Thursday, January 16, 2014

A Chicken in Every Pot

I think I have a typical family of four and I think we live a pretty typical life with appointments and obligations, school and work, play and recreation.  One thing about our family that may not be typical is that we started a small farm.  We raise laying hens, meat chickens in the Spring and hogs and turkeys in the Fall.  So for those of you who do not normally follow me I will mention that my chickens do not come cut up in pieces and wrapped in cellophane.  They come whole in freezer bags and I pull one out each week for us to eat.  Each chicken typically feeds my family of four for 3 days.

Meat Chickens nearly full grown.
Meat chickens ready for the freezer.
This week we had Roast Chicken on Sunday.  I used the leftover breast meat for Chicken and Broccoli Pie on Tuesday.  Then I put the carcass, skin, a wing and the leftover dark meat into the stock pot along with the veggies that I had put in the cavity of the chicken while it roasted.  I covered it with water, brought it to a boil and then let it simmer for a couple of hours.  When it was done I put it outside in my grill or if it is summer or you are lucky enough to live where it is warm just let it cool and place in the refrigerator.  Today I brought the stockpot back in and I will be making Chicken and Dumplings for dinner.  Join me, won't you?
All of the fat will have hardened and floated to the top.
I always take this off and discard it.
I remove the carcass and chicken pieces from the broth.
Remove all meat from the bones, discarding any fat, skin and bones.
This left me with about a cup and a half of chicken.
I strained the broth through a fine sieve lined with cheesecloth.
I had about 8 cups of broth, which was perfect.
You will find that most of my soups, stews, one pot meals, etc.
always include my trinity of onions, carrots and celery.
I chop up the vegetables and put them in a medium stockpot.
Cover them with broth and bring to a boil.
I added a couple of bouillon cubes to add some flavor.
Once brought to a boil, reduce heat and simmer until vegetables are almost tender.
While the vegetables are cooking I measure 2 cups of baking mix into the same container I used for the broth because there is no need to dirty another bowl.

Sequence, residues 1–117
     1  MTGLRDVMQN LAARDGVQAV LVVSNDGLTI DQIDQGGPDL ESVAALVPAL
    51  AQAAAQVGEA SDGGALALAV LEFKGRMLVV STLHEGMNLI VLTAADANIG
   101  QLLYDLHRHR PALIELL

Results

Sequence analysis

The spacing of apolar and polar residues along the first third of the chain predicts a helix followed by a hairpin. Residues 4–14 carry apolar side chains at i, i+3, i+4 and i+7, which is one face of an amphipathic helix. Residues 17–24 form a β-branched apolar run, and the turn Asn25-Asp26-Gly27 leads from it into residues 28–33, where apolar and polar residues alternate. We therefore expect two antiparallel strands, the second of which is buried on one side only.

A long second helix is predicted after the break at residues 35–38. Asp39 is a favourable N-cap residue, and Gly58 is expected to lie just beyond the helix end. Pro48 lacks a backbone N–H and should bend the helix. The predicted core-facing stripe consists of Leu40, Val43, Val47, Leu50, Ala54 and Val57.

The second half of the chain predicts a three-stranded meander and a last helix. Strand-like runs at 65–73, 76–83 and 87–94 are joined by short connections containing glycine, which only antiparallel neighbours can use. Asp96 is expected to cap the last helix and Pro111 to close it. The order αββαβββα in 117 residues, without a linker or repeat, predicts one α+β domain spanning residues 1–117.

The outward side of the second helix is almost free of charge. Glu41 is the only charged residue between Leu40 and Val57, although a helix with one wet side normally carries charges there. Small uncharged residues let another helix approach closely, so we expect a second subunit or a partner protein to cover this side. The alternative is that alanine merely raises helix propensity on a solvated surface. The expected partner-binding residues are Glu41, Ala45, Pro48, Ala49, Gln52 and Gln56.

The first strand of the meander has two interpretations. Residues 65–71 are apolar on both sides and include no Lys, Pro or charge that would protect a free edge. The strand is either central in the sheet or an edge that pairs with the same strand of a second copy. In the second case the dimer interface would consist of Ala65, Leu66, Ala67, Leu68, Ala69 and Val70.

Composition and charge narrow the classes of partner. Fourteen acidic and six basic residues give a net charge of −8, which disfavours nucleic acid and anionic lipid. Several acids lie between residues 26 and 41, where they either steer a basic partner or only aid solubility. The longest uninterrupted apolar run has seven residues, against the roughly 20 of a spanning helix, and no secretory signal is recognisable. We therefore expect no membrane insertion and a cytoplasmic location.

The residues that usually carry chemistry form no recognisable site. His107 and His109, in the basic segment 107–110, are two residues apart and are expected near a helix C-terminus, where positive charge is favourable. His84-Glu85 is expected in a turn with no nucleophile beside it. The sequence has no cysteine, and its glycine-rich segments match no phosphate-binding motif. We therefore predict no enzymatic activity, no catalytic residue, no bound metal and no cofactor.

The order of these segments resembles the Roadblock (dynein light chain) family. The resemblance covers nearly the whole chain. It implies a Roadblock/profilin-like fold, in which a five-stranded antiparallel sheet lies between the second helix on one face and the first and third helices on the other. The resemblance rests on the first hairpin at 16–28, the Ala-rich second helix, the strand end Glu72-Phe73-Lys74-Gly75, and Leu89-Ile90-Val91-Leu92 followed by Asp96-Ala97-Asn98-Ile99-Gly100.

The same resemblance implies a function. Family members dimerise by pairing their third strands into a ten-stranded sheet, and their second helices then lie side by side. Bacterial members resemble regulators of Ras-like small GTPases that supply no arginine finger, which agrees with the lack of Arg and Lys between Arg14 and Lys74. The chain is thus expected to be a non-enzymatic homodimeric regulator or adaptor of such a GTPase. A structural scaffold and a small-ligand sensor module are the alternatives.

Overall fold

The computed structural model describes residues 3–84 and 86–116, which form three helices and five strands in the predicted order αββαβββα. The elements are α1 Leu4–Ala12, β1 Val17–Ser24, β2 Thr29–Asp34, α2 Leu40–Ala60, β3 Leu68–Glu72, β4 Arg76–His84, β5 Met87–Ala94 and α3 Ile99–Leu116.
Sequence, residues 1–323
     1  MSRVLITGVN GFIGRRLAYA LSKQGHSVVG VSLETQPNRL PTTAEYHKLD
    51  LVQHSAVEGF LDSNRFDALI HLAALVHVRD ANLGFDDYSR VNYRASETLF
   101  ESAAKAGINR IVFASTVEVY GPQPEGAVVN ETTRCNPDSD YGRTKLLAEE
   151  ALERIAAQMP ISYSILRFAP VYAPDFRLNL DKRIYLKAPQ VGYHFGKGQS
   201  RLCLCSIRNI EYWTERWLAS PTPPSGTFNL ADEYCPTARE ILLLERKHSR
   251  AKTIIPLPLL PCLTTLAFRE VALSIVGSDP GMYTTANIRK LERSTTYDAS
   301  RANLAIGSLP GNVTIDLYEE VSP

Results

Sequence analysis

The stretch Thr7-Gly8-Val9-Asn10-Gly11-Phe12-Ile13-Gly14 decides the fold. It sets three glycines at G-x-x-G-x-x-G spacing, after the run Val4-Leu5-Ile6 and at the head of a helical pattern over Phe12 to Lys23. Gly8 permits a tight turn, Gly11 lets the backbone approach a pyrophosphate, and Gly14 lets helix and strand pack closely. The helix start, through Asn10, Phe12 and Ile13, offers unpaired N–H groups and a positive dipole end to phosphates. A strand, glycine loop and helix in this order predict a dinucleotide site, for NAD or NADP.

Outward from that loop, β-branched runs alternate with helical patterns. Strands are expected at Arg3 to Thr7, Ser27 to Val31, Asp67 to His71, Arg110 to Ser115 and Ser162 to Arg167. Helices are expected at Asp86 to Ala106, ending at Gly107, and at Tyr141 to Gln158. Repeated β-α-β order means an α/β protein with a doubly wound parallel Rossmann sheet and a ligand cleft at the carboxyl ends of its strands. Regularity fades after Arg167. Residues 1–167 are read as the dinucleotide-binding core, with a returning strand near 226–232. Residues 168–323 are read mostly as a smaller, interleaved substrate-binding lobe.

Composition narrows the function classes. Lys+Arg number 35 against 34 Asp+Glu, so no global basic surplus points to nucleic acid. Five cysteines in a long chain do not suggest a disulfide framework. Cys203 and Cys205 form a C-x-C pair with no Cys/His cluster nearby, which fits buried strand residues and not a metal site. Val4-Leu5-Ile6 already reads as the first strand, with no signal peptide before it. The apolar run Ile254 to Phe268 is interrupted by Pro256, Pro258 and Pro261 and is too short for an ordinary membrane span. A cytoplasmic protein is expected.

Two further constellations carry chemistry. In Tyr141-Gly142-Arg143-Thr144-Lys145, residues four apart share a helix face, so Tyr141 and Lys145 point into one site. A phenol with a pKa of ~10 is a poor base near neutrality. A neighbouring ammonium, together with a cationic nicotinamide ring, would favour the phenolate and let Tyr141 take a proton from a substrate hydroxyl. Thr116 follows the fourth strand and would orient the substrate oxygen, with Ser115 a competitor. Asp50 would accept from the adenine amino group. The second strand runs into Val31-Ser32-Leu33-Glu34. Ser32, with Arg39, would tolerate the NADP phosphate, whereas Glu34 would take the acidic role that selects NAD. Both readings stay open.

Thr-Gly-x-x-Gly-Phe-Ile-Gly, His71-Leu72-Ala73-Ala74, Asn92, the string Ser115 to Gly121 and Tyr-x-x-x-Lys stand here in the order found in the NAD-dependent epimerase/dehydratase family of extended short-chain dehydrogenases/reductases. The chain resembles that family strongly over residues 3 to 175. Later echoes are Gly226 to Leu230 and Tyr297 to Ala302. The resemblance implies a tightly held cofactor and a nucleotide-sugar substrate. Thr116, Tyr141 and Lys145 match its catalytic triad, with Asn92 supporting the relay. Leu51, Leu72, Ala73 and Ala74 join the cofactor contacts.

I then mix in a little less than a cup of milk.
If you don't have milk on hand you can use some of the broth instead.
You want it to be of a consistency that it will drop by spoonfuls into your broth.
When the vegetables are nearly tender add the chicken.
Season to taste with salt and pepper.
  If you added bouillon you may not need anymore salt.
Bring broth to a rolling boil.
Drop the dumplings by spoonfuls into the boiling broth.
They will float to the top.
The boiling broth will help them to not stick together.
Cover the pot, turn the heat to low and simmer for 15-20 minutes.
Bon Apetit'

Chicken and Dumplings
1 1/2 to 2 c. cooked chicken, chopped
8 c. chicken broth (if homemade you may want to add a couple of bouillon cubes)
1 small onion, chopped
2 carrots, chopped
1 stalk celery chopped
2 c. baking mix
2/3 c. milk, broth or water
Place vegetables and broth into a stock pot or dutch oven.  Add the broth and bring to a boil over high heat.  Reduce heat and cook for 15 minutes.  Combine baking mix and liquid in a large bowl, set aside.  After 15 minutes add chicken to the broth and vegetables and bring to a rolling boil.  Drop the baking mix mixture by spoonfuls into the boiling broth.  Allow broth to boil for another 10 minutes or so and then reduce heat to low and cover pot.  Simmer over low heat for another 15-20 minutes, until the dumplings are cooked through.  Print Recipe

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